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Connecticut Lawmakers Seek Changes to NIL Law

Andy Berg
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Connecticut lawmakers are being asked to update last year’s state law that allows student-athletes to be compensated for the use of their name, image and likeness.

Schools in the state would like the law updated to allow students to use their state college or university’s logo, mascot or other institutional marks when they are pitching products. Connecticut and South Carolina are the only two states that don’t allow students to use school logos and trademarks, which school say puts them at a disadvantage. 

“None of us want to inhibit the ability of our outstanding coaches to recruit talented student-athletes to UConn,” said Neal Eskin, executive associate athletic director at UConn, in recent testimony. “In order to compete at the highest level, we must make certain that student-athletes who choose to enroll in college in Connecticut have the same opportunities as those at schools in other states.”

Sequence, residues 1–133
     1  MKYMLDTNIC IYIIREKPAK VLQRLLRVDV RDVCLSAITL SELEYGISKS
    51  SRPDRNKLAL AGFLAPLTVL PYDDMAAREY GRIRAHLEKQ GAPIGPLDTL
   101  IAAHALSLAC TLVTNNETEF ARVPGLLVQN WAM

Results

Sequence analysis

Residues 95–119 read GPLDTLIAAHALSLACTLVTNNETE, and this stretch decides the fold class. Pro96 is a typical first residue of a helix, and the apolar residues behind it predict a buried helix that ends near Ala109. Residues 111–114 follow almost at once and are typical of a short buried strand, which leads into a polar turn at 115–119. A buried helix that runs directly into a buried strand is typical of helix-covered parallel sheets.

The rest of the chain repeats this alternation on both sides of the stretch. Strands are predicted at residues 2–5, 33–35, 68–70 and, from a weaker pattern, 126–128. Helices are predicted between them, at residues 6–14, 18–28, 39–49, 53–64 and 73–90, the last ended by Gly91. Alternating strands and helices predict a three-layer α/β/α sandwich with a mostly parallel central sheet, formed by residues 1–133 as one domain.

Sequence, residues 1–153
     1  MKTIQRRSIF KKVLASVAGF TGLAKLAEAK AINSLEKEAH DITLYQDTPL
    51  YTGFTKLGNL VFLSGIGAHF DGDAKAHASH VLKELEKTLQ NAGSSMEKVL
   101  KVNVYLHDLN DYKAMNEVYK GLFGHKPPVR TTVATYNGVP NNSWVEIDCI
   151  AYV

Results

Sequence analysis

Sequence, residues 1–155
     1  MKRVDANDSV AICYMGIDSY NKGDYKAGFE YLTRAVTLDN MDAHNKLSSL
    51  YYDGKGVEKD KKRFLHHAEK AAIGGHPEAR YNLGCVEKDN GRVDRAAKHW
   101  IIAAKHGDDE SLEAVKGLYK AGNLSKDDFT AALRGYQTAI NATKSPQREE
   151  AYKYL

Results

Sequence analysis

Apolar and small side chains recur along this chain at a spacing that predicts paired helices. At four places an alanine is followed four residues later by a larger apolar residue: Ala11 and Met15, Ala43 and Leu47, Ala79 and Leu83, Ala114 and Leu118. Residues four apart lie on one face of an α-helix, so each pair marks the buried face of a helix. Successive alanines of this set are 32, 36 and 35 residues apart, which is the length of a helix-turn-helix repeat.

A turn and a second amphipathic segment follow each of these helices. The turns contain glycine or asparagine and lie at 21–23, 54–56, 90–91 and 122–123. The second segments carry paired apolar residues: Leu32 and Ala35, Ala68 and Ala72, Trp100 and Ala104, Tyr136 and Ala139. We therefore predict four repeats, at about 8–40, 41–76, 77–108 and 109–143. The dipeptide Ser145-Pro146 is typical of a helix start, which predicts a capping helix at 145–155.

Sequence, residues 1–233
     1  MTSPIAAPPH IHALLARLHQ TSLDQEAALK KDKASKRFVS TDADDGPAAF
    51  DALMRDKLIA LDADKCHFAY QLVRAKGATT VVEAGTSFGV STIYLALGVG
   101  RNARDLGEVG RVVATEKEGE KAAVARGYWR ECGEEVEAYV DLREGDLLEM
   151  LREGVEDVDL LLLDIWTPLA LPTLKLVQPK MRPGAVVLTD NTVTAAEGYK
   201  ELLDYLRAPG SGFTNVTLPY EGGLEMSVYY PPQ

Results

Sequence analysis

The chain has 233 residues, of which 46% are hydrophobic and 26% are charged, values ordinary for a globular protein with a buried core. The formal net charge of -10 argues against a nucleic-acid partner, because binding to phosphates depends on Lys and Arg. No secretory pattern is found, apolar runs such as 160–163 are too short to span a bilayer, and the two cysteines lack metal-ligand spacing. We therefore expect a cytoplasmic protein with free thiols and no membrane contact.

Georgia and Florida have both recently tweaked their NIL laws, and other states may follow as they seek to make it easier for athletes to profit from marketing deals and other NIL opportunities. 

According to The Bulletin, Connecticut legislature’s Higher Education and Employment Advancement Committee on Thursday unanimously advanced a bill that would end the prohibition on using school logos. It awaits further action in the state Senate. Rep. Josh Elliott, D-Hamden, the committee’s co-chair, said the legislation had been requested by UConn.

“Adjusting our NIL law to allow the use of institutional marks will assist UConn in enhancing the opportunities provided to our student-athletes,” Eskin said, “while helping to maintain the championship tradition that we proudly share with the citizens of Connecticut.”

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